The rudder of a ship is the main steering component and the appendage of the hull, generally situated in the aft end;
a rudders is made of two main elements:
A rudder can be structured in three different ways, which differ based on the position of the blade with respect to its rotation axis.
The latter is called “compensated rudder” because the position of the rotation axis is at 1/3 or near to the middle of the blade, and the forces acting on the rudder are neutralized because they are automatically compensated, thus allowing the rudder to remain in place.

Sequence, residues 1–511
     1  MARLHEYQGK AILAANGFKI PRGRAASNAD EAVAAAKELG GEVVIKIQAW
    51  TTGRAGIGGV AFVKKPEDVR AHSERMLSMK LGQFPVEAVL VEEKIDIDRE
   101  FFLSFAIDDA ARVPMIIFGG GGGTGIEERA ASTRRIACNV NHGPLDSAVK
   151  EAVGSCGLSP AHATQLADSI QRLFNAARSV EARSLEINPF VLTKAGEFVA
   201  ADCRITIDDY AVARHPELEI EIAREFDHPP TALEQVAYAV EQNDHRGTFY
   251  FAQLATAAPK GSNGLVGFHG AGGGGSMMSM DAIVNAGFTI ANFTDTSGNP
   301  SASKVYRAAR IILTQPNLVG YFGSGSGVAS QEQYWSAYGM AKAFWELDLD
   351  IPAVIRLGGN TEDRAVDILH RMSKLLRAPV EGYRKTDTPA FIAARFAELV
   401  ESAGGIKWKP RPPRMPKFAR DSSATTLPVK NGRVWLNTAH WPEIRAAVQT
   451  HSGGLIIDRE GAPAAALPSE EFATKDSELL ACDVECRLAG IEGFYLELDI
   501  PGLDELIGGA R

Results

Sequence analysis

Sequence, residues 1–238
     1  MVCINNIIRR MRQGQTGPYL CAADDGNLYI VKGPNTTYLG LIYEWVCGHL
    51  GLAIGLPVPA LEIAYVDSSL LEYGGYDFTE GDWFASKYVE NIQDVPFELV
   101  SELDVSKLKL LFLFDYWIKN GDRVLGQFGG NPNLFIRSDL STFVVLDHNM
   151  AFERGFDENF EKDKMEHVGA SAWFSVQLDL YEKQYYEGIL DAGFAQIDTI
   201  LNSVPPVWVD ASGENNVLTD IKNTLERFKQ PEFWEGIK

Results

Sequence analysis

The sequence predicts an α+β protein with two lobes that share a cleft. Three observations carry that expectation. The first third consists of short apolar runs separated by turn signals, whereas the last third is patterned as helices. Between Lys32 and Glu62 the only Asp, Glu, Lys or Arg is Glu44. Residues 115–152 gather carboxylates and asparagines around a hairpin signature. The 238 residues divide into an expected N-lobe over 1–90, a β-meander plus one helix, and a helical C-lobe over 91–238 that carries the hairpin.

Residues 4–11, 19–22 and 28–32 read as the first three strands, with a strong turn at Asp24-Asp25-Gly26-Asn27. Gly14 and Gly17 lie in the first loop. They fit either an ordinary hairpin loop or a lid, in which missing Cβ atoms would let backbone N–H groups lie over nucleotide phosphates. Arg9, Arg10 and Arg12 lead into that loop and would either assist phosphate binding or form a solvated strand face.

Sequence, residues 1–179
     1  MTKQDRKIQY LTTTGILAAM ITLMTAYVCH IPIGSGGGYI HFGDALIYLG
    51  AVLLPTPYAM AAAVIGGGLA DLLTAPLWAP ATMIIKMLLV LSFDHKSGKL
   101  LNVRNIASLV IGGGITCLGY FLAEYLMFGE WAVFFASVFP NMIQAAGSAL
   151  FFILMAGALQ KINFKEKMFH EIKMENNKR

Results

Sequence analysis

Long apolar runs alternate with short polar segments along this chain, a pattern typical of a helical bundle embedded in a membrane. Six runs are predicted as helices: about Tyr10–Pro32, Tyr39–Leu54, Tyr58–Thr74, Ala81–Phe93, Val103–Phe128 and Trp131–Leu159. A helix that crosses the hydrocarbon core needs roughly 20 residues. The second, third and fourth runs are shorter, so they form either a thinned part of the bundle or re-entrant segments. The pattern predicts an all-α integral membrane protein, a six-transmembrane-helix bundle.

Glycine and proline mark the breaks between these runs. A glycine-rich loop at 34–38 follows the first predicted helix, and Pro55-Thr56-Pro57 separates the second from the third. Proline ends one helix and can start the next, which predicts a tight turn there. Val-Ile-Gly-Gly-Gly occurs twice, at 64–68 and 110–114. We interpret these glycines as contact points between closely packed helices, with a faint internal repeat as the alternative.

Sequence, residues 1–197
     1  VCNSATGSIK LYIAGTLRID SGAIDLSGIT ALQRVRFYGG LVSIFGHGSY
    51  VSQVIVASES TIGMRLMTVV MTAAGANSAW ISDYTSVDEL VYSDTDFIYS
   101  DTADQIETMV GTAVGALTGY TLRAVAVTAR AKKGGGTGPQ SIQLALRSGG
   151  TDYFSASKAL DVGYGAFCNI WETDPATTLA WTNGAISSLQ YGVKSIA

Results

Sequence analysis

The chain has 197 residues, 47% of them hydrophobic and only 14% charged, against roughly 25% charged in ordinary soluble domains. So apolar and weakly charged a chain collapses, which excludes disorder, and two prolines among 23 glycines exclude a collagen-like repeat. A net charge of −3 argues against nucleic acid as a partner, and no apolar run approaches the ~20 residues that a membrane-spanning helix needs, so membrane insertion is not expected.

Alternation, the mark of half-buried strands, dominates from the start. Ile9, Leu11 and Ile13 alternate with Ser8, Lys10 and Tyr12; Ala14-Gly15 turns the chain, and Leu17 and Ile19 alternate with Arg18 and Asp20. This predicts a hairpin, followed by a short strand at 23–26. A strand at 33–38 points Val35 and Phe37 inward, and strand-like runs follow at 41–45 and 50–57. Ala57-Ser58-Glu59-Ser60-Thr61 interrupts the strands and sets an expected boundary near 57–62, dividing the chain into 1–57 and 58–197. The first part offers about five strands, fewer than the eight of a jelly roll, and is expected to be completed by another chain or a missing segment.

As a mechanical workshop, we process and supply stocks and blades, and we additionally provide the coupling of these two elements. In this particular procedure, the Prussian blue contact test is pivotal; a blue pigment called “Prussian blue” or “engineers blue” is mixed with oily substances and laid on the metallic surfaces of the stock and the blade’s areas of interest. These surfaces are put in contact and rubbed against each other, and any potential removal of the pigment indicates the location of the detected points. This test is carried out to prove the regularity of a given surface or support.
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